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Science Cafe: Impacts of Seabirds on Island Ecosystems

scicafephoto copyIn the Gillespie Museum’s third Science Café at Stetson University this spring semester, Wendy Anderson, Ph.D., chair of the Department of Environmental Science, will consider the impacts of large seabird populations on the terrestrial and aquatic environments where they roost. Her talk, entitled “Too Much of a Good Thing? Impacts of Seabirds on Island Ecosystems and Other Coastal Areas” will take place on Thursday evening, April 16, at 7 p.m., in the Gillespie Museum, Stetson University, 234 E. Michigan Avenue, DeLand.

These large colonies of birds feed on fish and various invertebrates in freshwater and marine systems within their range, then concentrate those nutrients through guano deposition. Such colonies are common throughout the world, from the Polar Regions to the Tropics – and everywhere that these colonies exist, Anderson explains, their “presence defines the structure and physiology of the other plant and animals that coexist there.” In her Science Café, Anderson will review examples of these impacts and the ways that ecologists have determined seabirds’ role in shaping these ecosystems. Through this, we will define seabirds as “ecosystem engineers”—species that fundamentally alter the species composition and function of an ecosystem.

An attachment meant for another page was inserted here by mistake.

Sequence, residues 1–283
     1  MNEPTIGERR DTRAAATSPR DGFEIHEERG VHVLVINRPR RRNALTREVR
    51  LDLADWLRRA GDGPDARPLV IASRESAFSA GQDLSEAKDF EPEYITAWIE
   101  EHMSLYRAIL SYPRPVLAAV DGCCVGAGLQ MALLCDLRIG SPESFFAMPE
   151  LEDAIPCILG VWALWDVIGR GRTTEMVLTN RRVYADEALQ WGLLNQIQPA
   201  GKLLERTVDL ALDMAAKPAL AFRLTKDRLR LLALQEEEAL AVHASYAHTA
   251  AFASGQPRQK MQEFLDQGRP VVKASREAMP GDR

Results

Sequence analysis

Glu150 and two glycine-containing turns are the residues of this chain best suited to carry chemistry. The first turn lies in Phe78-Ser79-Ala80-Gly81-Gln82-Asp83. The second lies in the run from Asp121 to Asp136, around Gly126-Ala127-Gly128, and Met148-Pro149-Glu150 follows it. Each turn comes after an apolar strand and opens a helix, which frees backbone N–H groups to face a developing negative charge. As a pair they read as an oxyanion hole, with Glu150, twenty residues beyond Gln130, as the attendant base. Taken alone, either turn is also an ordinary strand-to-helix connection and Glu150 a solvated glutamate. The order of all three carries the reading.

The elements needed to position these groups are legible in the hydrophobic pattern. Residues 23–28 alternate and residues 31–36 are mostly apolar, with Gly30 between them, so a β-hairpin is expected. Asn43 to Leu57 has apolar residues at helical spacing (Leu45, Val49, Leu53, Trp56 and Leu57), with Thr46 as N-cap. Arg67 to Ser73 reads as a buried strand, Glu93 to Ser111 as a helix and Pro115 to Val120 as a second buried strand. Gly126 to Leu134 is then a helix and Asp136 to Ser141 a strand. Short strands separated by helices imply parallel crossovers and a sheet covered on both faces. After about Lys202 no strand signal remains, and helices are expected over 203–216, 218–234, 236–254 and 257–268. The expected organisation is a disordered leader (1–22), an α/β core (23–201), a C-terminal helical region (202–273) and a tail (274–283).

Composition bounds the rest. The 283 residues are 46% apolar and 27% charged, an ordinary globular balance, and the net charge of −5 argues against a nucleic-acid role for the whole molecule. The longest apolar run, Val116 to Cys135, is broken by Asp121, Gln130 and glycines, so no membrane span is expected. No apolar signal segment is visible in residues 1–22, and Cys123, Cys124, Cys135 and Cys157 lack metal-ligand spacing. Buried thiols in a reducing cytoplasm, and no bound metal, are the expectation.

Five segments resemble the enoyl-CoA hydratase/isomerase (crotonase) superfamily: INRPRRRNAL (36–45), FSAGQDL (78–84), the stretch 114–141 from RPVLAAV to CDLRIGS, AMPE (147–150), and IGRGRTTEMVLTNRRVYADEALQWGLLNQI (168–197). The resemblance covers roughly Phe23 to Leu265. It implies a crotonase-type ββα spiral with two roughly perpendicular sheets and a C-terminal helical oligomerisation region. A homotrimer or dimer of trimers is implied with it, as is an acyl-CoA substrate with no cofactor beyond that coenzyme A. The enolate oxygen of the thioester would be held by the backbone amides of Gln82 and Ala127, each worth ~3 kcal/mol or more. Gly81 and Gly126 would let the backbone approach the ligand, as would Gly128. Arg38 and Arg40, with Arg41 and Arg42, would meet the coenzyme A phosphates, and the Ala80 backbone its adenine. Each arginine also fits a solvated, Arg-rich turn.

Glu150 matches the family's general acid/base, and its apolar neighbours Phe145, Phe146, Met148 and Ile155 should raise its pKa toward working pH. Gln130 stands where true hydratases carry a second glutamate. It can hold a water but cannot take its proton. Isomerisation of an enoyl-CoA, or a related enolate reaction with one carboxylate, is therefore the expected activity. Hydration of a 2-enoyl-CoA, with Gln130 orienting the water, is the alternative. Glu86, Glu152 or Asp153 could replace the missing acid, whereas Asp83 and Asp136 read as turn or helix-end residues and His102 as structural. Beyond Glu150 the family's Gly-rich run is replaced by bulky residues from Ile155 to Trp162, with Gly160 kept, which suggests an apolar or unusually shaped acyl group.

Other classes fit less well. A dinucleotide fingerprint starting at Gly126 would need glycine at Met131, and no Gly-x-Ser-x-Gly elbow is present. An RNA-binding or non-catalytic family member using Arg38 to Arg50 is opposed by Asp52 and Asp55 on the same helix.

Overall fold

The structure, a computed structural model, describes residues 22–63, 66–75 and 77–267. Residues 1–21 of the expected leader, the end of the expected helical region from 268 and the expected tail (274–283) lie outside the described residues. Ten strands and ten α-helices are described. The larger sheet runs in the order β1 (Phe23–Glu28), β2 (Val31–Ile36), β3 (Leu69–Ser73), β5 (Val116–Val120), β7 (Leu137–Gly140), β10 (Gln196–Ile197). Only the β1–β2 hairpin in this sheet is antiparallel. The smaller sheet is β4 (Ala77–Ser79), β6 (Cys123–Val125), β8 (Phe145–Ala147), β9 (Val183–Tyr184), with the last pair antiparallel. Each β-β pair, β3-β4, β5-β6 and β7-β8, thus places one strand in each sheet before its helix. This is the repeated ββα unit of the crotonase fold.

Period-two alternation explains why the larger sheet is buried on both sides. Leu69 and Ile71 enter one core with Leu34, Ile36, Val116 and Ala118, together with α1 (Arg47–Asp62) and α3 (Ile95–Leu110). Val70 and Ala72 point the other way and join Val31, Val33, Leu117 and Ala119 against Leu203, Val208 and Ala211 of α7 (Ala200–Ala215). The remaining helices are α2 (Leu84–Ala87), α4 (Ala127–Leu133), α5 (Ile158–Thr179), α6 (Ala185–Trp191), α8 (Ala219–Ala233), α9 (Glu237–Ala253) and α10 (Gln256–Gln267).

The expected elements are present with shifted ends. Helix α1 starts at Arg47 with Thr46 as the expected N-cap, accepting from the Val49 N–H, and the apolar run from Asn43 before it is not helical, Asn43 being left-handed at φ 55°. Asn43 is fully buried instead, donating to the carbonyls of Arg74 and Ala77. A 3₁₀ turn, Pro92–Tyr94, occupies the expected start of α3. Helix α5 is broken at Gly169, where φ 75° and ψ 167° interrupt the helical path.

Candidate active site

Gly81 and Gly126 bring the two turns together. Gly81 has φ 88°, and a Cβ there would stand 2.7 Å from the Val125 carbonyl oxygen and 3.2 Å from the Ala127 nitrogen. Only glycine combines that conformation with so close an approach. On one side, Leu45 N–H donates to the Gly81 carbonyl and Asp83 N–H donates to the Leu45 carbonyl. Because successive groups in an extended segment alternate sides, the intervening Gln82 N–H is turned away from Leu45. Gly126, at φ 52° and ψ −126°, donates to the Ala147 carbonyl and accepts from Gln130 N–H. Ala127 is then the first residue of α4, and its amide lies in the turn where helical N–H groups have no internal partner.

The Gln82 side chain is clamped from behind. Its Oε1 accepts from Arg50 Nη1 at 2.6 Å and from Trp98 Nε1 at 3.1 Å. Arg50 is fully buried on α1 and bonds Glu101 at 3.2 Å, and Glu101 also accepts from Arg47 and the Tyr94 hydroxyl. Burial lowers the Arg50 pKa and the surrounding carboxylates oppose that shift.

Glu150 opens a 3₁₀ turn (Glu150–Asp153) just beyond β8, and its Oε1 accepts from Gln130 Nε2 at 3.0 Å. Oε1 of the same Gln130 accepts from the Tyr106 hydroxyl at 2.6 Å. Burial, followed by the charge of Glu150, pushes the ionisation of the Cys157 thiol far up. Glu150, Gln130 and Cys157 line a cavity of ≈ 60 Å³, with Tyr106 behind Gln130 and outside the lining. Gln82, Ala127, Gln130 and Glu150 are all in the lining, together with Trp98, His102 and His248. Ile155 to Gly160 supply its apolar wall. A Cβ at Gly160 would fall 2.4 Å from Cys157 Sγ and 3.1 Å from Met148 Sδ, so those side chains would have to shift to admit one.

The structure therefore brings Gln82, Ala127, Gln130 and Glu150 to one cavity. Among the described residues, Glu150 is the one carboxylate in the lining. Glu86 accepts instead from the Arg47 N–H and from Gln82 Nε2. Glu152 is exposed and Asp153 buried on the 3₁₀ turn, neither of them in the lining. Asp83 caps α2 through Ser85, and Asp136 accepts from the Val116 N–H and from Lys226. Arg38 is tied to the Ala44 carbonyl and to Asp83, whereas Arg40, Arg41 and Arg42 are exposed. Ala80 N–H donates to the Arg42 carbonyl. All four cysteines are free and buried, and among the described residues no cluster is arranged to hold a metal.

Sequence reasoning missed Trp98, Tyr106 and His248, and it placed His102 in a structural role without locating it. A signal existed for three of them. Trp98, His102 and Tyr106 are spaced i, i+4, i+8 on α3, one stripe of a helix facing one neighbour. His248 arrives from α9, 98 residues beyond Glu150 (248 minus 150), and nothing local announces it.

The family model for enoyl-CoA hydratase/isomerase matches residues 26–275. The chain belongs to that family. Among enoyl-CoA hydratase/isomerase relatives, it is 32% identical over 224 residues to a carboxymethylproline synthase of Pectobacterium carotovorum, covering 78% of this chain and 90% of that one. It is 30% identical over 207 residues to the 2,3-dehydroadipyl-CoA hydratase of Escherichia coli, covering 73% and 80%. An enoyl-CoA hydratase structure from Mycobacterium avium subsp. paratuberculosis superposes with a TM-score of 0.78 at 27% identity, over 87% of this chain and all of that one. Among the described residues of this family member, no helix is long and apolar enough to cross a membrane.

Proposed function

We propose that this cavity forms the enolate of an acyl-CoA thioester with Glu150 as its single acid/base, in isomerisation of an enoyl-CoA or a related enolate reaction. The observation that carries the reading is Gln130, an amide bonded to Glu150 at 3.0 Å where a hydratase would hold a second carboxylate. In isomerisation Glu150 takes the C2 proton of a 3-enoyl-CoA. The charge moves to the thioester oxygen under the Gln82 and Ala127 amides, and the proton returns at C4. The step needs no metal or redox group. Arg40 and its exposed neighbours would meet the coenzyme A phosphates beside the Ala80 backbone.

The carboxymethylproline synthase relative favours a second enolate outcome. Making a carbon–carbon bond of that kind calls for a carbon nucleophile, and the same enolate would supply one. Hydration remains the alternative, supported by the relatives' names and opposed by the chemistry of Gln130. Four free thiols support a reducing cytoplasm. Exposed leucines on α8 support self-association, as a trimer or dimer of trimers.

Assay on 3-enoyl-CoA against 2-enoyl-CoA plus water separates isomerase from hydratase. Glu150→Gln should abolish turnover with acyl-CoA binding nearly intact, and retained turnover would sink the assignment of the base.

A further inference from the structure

Anderson describes how these “natural” ecosystem engineers can serve as a model for “understanding how agricultural run-off and septic systems have also generated similar types of impacts that fundamentally alter ecosystem structure and function.” Returning our focus to our local environment, we can also consider the impact of human waste from leaky septic systems as an “ecosystem engineering” force that is potentially redefining the species composition and functioning of spring ecosystems in Florida.

An international movement, Science Cafés promote scientific literacy by encouraging relaxed, open conversations among scientists and nonscientists of all ages. “Our spring series provides some informal evenings with the university’s faculty in environmental science,” says Museum Director Karen Cole, Ph.D.

These events are free and open to the public. They are cultural credit events for Stetson undergraduates. For more information, contact the Gillespie Museum by phone (386.822.7330), by email (gillespiemuseum@stetson.edu) or by visiting the museum’s website (www.stetson.edu/gillespie).

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